ATLANTA (AP) — Arthur Smith is trying to channel his inner Ted Lasso.
Coming off his first win as an NFL head coach, Smith wants to bring some much-needed good vibes to an Atlanta Falcons franchise that has endured plenty of heartache over the years, not unlike the TV show's fictional English soccer team.
For that matter, the Washington Football Team could use some of Lasso's positivity.
The Falcons (1-2) host Washington (1-2) on Sunday in a matchup of teams that are fortunate to have the woeful New York Giants in the same league.
The winless Giants have served up the lone win for both teams.
At Smith's midweek news conference, a hand-written “Believe” sign had been taped to the wall. On his way out of the room, Smith tapped the sign twice, just as Jason Sudeikis' character does on “Ted Lasso” to motivate his downtrodden team.
At least Smith has something to build on this week.
After two lopsided losses, the Falcons pulled off an ugly 17-14 victory over the Giants. Younghoe Koo won it with a 40-yard field goal as time expired.
“It’s important, because you don’t want to keep coming in on Monday” trying to rationalize losses, Smith said. “At least you've got something to break through and say, ‘Hey, look, here’s what happens when we play together and we’re able to finish the game.’ Clearly, we’ve got a ton of work to do ... but it is I guess refreshing, and you do want that to pile up because that momentum is real.”
Washington is coming off an ugly 43-21 setback to the Buffalo Bills, who ripped apart a defense that was supposed to be a strength for coach Ron Rivera's team.
The Bills put the game out of reach with a 93-yard, 17-play touchdown drive to start the second half, devouring more than half of the third quarter.
Rivera said this game will determine “whether or not we’re resilient, whether or not we can put things behind us, we can learn from what happened in the past and use it going forward.”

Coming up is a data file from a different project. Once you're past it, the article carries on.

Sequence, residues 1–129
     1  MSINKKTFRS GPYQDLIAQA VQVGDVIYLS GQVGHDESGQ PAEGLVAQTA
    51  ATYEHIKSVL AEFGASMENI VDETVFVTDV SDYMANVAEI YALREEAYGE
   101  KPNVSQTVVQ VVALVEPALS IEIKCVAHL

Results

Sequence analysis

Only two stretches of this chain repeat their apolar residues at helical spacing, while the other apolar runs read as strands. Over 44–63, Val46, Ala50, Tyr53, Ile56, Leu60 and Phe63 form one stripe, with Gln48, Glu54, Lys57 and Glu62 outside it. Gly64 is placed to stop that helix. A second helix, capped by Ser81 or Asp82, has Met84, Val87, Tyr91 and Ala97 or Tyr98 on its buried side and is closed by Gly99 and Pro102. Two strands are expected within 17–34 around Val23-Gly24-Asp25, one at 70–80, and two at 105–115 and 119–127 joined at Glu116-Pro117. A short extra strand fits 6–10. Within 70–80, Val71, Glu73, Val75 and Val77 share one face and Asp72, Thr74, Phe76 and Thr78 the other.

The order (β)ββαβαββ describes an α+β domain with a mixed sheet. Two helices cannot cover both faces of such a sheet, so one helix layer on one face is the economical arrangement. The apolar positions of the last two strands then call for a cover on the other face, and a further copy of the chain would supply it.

“It’s an opportunity for us to take a step,” he added. “It’s going to be a very competitive game. Both teams are in the same situation.”
Beyond the Ted Lasso motivational tactics, some things to watch for when the Falcons face the Washington Football Team at Mercedes-Benz Stadium:
Washington's Taylor Heinicke will surely hear some cheers on Sunday, even though he's the visiting quarterback.
Heinicke is a native of suburban Atlanta and will have plenty of supporters in the stands.
“They’re a big part of who I am today and you know why I’m here," he said. "It will be really cool to go out there, hopefully put on a good show, go get a win. It’ll be good to get a win in front of those guys.”
Asked what kind of quarterback he was at Collins Hill High School, Heinicke quipped, “Small, weak arm, slow. I had a bunch of good receivers, so they made me look good.”
Falcons quarterback Matt Ryan is still getting a feel for Smith's offense, especially when it comes to pushing the ball down the field.
Ryan has completed nearly 71 percent of his throws, but he's averaging just 235.7 yards per game through the air. Over the past decade, he averaged 287 yards passing.
“Even when you have a lot of the same guys, every team is different. Your identity and who you become is different. It takes some time to sort through that," Ryan said.
“I think that we’re growing toward who we wanted to become. We’re not there, we got a lot of hard work in front of us to get there, but we’re working toward that.”
Cordarrelle Patterson drew little attention when he signed a one-year contract with the Falcons in the offseason.
He's quickly become the team's most dangerous offensive weapon with his ability to line up at multiple positions. He has 13 catches for 153 yards, 85 yards rushing on 21 carries, and a 23-yard average on four kickoff returns.
“He's made a huge impact for us,” Ryan said. “We’ve asked him to do a lot of things.”
Washington’s defense that ranked second in the NFL last season and came in with high expectations has struggled through the first three games. It was burned for 481 yards by the Bills.
A big concern is the lack of a dynamic pass rush, even with a defensive line full of first-round picks.
Reigning AP Defensive Rookie of the Year Chase Young has yet to get a sack, Washington is counting on him and Montez Sweat to create more pressure and take the edge off the secondary, which has been exploited in a big way so far.
Coach Ron Rivera wants his young edge rushers to stay the course and rely on what they do best.
“That’s one of the things that we’ve talked about as a team is when things get tough, you got to go back to your base fundamentals,” Rivera said. “The things that they do best it’s using their speed and strength and their quickness more so than it is to try and be cute or something like that."
Follow Paul Newberry on Twitter at https://twitter.com/pnewberry1963 and his work can be found at https://apnews.com/search/paulnewberry
AP Sports Writer Stephen Whyno in Washington contributed to this report.
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